5. #55
    Senior Member JaneV2.0's Avatar
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    Roseto has long been one of my favorite examples of how the "rules" can be rubbish. (I bet they ate mostly homemade meals, and I know they liked their red wine.)

    I can usually find something to eat that fits my needs, but I will want a bowl of pho from time to time, or Ethiopian injera, and the macros be damned.

    I see by this morning's weigh-in that I'm losing 2# a month, not one. So that's something...

  6. #56
    Senior Member catherine's Avatar
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    Quote Originally Posted by Williamsmith View Post

    As we left, I asked my wife if she thought it was strange that people could sit and eat tons of sugary desserts while they talked about their chronic diabetes problems. I thought is was very odd.
    Having interviewed thousands of doctors and patients dealing with "lifestyle" diseases, it's very complex--the relationship people have with their food. I did one study with a psychologist and we worked jointly on a project with people who had Type II diabetes and kidney disease. Some said that they did everything they could to help themselves, but their actions clearly contradicted that. Some were blatant about just wanting to "eat, drink and be merry" no matter what the consequences were. Very, very few had made the radical changes necessary to turn their health around. My own husband has diabetes, and he still eats pretty much the way he always ate. And he considers walking a few blocks to be a real hardship, although he has no physical reason that should be so.

    It's a struggle to make those changes. Doctors I speak with get emotional about their helplessness in getting patients to change behavior, and their emotions run from compassion to outright disdain. Our relationship with food is a really complex and interesting phenomena.
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  7. #57
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    oh the social stuff, so hard. I started eating significantly different than my family before I went to college. It has been hard, as long as I am in my 'tribe' it is good, but moving in and out of that group makes for challenges. So I am the one meditator who will have a diet soda now and then. Heck most of them hardly eat sugar! And then with my family I can't eat everything very often. There is always something I can eat and I bring things to events. Often my food barely gets eaten unless my sister points out to her in-laws what it is and encourages them to try it. My mother also does not really believe in food sensitivities. So I have heard her tell my kids that I just refuse food, sigh. I know they try but the family bonding that comes from shared food is impacted.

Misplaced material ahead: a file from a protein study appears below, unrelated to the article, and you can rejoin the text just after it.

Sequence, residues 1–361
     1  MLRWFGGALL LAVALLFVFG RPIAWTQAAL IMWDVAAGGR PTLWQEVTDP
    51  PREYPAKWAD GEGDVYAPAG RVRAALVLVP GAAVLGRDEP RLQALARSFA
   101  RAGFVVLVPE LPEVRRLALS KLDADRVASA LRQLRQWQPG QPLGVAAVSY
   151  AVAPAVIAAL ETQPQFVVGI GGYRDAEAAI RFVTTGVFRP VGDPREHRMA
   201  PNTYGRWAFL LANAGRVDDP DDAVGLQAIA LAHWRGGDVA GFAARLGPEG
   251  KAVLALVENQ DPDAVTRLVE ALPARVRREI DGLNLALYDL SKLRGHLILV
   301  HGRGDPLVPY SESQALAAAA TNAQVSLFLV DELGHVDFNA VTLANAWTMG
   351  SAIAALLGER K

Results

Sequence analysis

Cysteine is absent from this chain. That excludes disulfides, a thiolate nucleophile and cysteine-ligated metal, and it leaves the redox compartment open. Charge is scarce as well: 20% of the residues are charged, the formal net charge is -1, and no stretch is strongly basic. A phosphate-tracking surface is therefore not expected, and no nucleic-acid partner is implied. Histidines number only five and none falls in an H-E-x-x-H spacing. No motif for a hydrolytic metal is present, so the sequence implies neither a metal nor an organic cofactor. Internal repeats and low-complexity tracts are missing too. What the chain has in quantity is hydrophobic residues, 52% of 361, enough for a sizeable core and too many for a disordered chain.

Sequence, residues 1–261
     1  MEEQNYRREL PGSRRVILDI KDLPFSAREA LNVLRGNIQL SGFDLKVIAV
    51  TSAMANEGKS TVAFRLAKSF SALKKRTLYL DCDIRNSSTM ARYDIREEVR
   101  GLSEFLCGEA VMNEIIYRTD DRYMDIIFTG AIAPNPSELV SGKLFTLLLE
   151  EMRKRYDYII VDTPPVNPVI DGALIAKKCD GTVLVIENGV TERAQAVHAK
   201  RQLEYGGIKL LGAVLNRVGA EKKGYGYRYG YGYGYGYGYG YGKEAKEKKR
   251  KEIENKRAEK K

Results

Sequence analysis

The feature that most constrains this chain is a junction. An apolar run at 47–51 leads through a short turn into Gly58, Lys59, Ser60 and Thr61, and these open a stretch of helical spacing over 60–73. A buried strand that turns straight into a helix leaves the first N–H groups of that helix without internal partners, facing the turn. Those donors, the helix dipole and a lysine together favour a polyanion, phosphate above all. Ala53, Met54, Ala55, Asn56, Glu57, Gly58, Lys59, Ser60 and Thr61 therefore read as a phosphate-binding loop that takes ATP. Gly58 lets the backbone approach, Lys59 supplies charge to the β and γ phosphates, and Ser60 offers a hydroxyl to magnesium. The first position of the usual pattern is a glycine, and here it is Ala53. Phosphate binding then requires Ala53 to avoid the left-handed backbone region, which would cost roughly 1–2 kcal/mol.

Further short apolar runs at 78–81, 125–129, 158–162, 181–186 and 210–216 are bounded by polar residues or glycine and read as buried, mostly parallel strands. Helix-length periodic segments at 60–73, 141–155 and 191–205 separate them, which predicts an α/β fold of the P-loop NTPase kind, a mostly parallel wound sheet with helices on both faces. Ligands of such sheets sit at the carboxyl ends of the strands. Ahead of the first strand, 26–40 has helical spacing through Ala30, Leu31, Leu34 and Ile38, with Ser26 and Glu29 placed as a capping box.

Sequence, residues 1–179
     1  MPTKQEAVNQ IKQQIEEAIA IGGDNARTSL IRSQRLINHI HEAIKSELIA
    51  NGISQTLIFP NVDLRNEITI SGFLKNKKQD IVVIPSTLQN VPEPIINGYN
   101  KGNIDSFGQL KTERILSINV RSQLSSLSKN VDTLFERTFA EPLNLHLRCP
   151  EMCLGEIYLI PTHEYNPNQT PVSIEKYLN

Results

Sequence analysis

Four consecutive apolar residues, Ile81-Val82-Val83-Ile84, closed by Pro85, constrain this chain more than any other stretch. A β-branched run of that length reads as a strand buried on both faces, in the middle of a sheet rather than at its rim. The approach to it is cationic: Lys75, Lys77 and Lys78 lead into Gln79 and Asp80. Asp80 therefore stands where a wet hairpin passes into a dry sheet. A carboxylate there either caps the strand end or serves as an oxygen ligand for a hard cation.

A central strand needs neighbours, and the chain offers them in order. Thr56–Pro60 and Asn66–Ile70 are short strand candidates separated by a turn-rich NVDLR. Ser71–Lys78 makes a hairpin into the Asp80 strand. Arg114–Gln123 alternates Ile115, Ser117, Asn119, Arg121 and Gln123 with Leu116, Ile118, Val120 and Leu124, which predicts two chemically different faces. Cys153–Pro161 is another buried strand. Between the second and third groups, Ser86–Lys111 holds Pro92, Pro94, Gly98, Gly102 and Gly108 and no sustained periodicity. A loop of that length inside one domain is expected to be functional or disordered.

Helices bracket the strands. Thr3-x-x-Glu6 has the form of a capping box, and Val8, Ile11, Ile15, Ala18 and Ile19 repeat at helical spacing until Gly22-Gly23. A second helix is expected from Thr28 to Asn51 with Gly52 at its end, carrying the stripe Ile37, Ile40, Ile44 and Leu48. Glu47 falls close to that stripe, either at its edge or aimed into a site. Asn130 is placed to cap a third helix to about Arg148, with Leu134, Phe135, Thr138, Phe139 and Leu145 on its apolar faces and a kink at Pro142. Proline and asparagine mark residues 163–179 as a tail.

Over winter break my parents visited and my mom got angry because I was 'picking on' Iowa, my brother and I talked on the phone about how his neighbors do not like spicy food, only one tried his chocolate chip cookies with a touch of cayenne. I kinda snapped and told her they have been making a joke of my food for 30 years, including the night before at a restaurant. I am stubborn and not really great at making friends so it is okay that I am more stubborn about my food than bonding over food. Heck at least I think my DR likes me! I don't secretly eat junk and then go in complaining. He finally told me I didn't need the cholesterol test so often, I was worried about a family history, but I didn't get it and I have been veggie on and off for many years.

    Update: my weight is fluctuating, however I have been able to work on my sugar and it is under the recommended for 3 days now. I noticed that even though I fluctuate up by the end of the day I am starting off with my early morning weight being lower and feeling less like I am starving when I wake up.

  8. #58
    Senior Member JaneV2.0's Avatar
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    Quote Originally Posted by Williamsmith View Post
    ...

    As we left, I asked my wife if she thought it was strange that people could sit and eat tons of sugary desserts while they talked about their chronic diabetes problems. I thought is was very odd.
    Not so odd, really, when you find out that diabetes "educators" regularly push high-carbohydrate diets on their clients. Have you ever looked at a magazine aimed at diabetics? They usually have some extreme dessert on the cover. They counsel people to eat 3 meals a day, at 60 carbs per, plus snacks with more carbohydrates. Often their charges end up on insulin, at which point it's "carb up and shoot up." One might think they're afraid of losing business if people get a real education in the dangers of high carbohydrate diets.